Let’s start by level-setting on a few genetic concepts that will help you understand how certain lifestyle choices and habits can have an impact on aging. You may have heard DNA referred to as the building block of life, as it is found in small packages called chromosomes in nearly every cell of all living
Cellular senescence is a primary driver of the aging process, and has been described as the “causal nexus,” which links cellular damage with the larger, anatomical effects of aging1. Senescent cells do not directly cause aging, but instead have a cumulative effect leading to larger, more visible consequences of tissue breakdown that are the signs and
When we are born, generally our telomeres are at their longest. With every cell division throughout the course of our life, our telomeres lose a bit of their DNA. In addition to the normal replicative processes of the cell, telomeres are also negatively impacted by oxidative stress. Oxidative stress is a cellular condition that describes
Previously in this blog, I summarized some of the clinical findings on the association between chronic stress and telomere length as well as the research into the impact of stress mitigation techniques. However a growing body of literature is beginning to look at how our telomere length is impacted by things that happen before we
So you’re stressed. You are not alone – the American Psychological Association’s 2015 Stress in America Survey reports that 78% of American adults reported having experienced at least one symptom of stress last year. As we reviewed in my last blog post, there is a considerable body of research that associates chronic stress exposure with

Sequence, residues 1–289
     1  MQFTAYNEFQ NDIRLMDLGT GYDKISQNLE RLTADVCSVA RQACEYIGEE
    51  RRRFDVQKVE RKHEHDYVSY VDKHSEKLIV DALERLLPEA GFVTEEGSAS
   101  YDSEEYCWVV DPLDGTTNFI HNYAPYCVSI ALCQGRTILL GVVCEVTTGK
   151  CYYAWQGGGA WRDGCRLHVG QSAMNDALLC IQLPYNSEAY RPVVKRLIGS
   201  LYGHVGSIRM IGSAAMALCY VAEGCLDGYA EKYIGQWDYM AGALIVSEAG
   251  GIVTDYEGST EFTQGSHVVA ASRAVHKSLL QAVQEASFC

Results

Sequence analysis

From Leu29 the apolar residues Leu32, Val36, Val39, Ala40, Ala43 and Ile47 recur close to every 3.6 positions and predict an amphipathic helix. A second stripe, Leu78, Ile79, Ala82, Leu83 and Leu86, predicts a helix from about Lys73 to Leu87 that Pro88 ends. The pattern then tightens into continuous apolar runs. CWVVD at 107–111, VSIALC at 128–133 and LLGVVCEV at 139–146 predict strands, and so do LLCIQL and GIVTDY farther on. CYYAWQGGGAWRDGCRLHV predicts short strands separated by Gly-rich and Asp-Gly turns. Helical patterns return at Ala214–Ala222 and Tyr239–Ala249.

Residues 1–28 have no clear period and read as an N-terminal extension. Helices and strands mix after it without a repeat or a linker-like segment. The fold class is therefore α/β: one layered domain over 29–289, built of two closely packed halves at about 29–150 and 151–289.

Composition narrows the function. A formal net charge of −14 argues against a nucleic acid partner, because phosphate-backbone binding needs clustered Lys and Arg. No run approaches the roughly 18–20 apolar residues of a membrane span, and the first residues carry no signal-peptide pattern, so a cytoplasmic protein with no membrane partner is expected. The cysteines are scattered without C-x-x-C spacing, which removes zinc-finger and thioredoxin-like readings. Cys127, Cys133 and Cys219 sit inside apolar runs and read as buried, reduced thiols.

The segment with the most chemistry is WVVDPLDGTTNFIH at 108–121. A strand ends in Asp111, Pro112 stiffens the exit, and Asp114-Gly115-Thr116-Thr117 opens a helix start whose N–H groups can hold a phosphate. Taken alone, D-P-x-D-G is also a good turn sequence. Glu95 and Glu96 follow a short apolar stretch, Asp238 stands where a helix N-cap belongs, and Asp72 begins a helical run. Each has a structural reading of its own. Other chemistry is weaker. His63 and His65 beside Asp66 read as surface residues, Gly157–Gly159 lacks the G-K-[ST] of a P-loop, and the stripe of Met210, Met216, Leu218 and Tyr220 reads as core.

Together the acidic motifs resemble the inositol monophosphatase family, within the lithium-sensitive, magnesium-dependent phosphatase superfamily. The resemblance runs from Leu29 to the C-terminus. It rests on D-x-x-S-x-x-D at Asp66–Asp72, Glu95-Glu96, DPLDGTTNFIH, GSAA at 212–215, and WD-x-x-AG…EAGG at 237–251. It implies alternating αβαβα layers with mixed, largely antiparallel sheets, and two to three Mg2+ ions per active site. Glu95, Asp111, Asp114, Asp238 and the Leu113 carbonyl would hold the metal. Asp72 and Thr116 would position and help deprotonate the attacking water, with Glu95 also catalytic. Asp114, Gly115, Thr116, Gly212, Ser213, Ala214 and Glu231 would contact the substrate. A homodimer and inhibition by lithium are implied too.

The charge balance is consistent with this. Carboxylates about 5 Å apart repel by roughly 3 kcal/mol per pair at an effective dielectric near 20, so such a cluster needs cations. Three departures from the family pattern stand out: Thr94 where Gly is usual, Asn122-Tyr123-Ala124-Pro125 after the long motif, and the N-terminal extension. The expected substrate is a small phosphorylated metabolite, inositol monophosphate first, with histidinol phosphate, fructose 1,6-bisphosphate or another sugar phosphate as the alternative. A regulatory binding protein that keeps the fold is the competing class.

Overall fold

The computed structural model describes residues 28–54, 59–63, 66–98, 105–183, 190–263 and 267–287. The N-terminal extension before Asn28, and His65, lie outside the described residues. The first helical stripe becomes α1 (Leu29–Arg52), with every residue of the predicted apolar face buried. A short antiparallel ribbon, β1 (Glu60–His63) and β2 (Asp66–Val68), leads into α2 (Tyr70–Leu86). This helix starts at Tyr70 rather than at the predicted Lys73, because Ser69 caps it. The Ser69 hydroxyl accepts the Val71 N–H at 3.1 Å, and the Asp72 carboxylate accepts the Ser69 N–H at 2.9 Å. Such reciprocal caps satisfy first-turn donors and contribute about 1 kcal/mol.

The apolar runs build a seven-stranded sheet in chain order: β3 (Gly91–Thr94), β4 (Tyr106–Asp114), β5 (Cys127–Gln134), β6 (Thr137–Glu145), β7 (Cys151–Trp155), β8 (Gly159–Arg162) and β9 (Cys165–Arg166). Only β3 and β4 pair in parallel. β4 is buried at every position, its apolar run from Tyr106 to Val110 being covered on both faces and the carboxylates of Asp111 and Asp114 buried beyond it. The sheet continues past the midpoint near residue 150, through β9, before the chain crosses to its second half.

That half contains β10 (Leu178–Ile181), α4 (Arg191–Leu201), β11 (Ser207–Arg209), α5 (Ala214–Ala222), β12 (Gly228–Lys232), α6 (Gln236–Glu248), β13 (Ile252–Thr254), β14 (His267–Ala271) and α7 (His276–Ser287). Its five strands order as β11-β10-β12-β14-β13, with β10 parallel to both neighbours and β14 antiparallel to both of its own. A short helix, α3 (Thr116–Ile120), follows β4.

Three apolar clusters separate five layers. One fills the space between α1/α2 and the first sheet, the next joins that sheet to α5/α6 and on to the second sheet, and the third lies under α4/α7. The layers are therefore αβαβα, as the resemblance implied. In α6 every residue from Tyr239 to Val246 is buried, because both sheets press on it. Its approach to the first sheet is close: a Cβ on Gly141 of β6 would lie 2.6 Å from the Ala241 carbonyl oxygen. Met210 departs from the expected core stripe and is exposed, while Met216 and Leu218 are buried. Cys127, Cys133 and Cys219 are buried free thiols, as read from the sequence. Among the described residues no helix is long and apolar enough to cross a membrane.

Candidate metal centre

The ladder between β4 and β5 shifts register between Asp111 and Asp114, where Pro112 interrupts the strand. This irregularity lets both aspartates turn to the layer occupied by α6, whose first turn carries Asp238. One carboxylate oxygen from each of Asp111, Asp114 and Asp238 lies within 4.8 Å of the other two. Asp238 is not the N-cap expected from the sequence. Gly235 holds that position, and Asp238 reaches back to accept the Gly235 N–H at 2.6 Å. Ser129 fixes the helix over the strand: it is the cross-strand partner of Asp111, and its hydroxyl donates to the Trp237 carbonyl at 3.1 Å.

It’s that time of the year when we look back over the past 12 months and make New Year’s resolutions about self- improvement and healthy living. Its review of noteworthy scientific studies published in 2016 finds the role of TELOMERES, the dynamic, protective caps at the ends our DNA strands that tend to shorten and fray with age, at the top of the list.
To those who are deciding whether to measure their own telomere length as a worthwhile way to help set a baseline for improving their lifestyle in the New Year, TeloYears offers the following round-up of the latest clinical studies published by highly renowned and trusted organizations who already know that it is. These publications from credible institutions not only add to the scientific basis for measuring telomere length, but also provide interesting evidence on the interplay between telomere length and one’s genetics, lifestyle, environment, stress and wellness.
Being stressed out seems to have become the normal condition of our modern lives. Work, school, parenting, caregiving, traffic, finances, the 24-hour news cycle, loneliness, loss of community, family pressures, health concerns—the list is long. In fact according to the National Institute of Mental Health, Americans are one of the most anxious nations in the
Need a quick graphical overview of the TeloYears test? Our handy new infographic explains what telomeres are and how telomere length is associated with cellular aging. Find out what causes telomeres to shorten and what lifestyle improvements have been shown to be positively associated with telomere length. Feel free to download it or share it with
Please check out this new interview with my colleague Dr. John Carlquist, a genetics researcher from the Intermountain Medical Center Heart Institute here in Salt Lake City, Utah. He does a great job describing what telomeres are and how their length may associate with age related disease, the value of knowing one’s telomere length and
Hi Everyone – Welcome to the TeloYears blog. My name is Cal Harley, PhD and I am the Chief Scientist at Telomere Diagnostics, the company that offers TeloYears. As a clinical researcher and scientist, I have been actively involved in telomere biology research for the past 30+ years and am very excited that we are